is currently the Mustafa Barzani Peace Fellow at American University Center
for Global Peace. She completed her Master's degree of International Service
this past May, with the intent of pursing a degree in Islamic Studies.
Diana Bandak will be conducting research for the Salam Institute that focuses
on mapping interfaith resources in the United States with the Muslim
community. A key component of this research is documenting practices,
organizations, publications and other resources that are actively engaged and
contribute toward respect for diversity and advances the vision of peaceful
coexistence among religious communities in the U.S. Particular attention will
also be paid to the role of Muslim women in organizations and groups that
work toward interfaith coexistence and peacebuilding.
Patty Anton intends to conduct an investigation into the ethics of dawah. Her
study will seek to identify points of agreement and divergence on the practice
of dawah among contemporary Muslims, particularly those offering aid to
people of other faiths. This research will explore Muslim perspectives of their
mandate to give dawah and what they see as the scope, priorities and limits of
dawah. Further, the study will look into the textual evidence and support
which are deemed salient to the contemporary understanding dawah in the
Ms Anton has been a dialogue trainer for Hands Along the Nile and diversity
coordinator for Connecting Cultures, in addition to working as a training coach
for the United States Institute of Peace and a research training coach for
Project LIGHT (Learning Islamic Guidance on Human Tolerance). She has
worked extensively on interfaith work and conflict resolution training in addition
to extensive community service.
Imam Kazerooni, a long-time activist in interfaith relations and bridge-builder
between Christians and Muslims in the United Kingdom and in the United
States, is focused on developing a “lessons learned” analysis of the golden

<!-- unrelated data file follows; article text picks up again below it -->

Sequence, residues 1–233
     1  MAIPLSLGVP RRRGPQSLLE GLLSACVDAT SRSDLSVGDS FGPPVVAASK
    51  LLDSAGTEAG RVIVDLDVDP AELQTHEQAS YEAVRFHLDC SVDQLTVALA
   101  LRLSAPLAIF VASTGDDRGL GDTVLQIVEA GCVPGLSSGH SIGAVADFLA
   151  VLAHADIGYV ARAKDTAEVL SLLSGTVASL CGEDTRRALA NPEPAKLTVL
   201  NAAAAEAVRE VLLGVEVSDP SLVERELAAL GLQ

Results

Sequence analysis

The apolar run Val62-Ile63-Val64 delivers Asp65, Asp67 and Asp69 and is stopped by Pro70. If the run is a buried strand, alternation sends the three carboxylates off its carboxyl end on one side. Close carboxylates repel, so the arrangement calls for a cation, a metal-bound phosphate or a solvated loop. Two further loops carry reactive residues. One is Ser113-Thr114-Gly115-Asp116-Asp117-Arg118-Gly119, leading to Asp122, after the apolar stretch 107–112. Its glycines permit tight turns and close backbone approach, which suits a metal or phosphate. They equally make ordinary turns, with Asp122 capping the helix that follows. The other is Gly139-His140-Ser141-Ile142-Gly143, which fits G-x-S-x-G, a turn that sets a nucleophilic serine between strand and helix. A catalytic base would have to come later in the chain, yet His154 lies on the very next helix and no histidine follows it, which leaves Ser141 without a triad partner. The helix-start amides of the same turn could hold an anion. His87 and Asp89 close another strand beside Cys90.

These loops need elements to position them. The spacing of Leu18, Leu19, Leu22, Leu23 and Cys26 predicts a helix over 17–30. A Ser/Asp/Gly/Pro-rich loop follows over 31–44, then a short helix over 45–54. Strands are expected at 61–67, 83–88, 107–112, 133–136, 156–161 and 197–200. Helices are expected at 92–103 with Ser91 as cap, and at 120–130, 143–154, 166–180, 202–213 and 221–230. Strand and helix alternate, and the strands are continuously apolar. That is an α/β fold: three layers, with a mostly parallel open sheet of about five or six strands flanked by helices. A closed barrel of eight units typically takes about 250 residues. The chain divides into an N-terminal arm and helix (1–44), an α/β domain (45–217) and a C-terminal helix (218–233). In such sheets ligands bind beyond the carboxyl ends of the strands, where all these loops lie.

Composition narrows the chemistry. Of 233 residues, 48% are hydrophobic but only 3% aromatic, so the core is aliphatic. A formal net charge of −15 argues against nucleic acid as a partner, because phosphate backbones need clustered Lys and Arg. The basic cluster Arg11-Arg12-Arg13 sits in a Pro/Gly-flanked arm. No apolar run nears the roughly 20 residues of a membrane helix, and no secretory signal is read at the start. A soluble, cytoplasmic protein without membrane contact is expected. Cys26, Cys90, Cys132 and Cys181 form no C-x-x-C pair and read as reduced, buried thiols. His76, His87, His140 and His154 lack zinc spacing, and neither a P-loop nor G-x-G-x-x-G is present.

period of Christian, Jewish, and Muslim coexistence in Al-Andalusia, Spain for
its relevance and applicability to the American experience of pluralism and
diversity today. An exploration of the conditions and variables that led to
peaceful coexistence will be conducted for positive models which could be
replicated today. In addition, Imam Kazerooni will partner with the Salam
Institute in the conduct and evaluation of Imam trainings in the United States.
Imam Kazerooni attended the Islamic Seminary College in Al-Najaf and Qum,
and has published on tolerance, pluralism and fundamentalism and taught
courses on Islamic exegesis, law and mysticism. He has also been honored as
an Ambassador for Peace by the Inter-Religious and International Federation
for World Peace, and currently lives in the Denver, Colorado area working on
a Master of Theological Studies in the Iliff School of Theology.
Fax: (303) 368-7070
Afra Jalabi focuses on developing resources of Islamic principles of
nonviolence based on close analysis of the Meccan and Medinan period.
Having worked for a number of years on Islamic sources of nonviolent
peacemaking, her research approaches the complexity and challenges of the
subject for peacemakers to “re-contextualize nonviolence as an indigenous
Islamic alternative that has been forgotten and marginalized.” In compiling
historical and traditional resources on nonviolent conflict resolution and social
change, Ms. Jalabi seeks to re-examine the nature of activism and underlying
principles of coexistence through a Muslim lens.
Ms. Jalabi was raised in Syria, Germany and Saudi Arabia before immigrating
to Canada. She has a B.A in anthropology and political science from McGill
University, a master's degree in journalism from Carleton University; and was
a columnist for 4 years for Al-Jadeedah magazine. She has been a member of
the editorial board of the Journal of Law and Religion (Hamline University).
Her interests lie in the theory of nonviolence, early Islamic history and texts,
Quranic exegesis, and feminist theory. She has lectured about these themes
in Canada and the States for the last few years. Ms. Jalabi has been also a
research assistant and editor for her uncle, Jawdat Said, who is one of the few
nonviolent theorists in the Muslim World. She also has been to several
conferences as participant, interpreter or moderator, including a recent
conference in Rome (June, 2004) on nonviolence and dialogue which
included a 2-day workshop with his holiness, the Dalai Lama.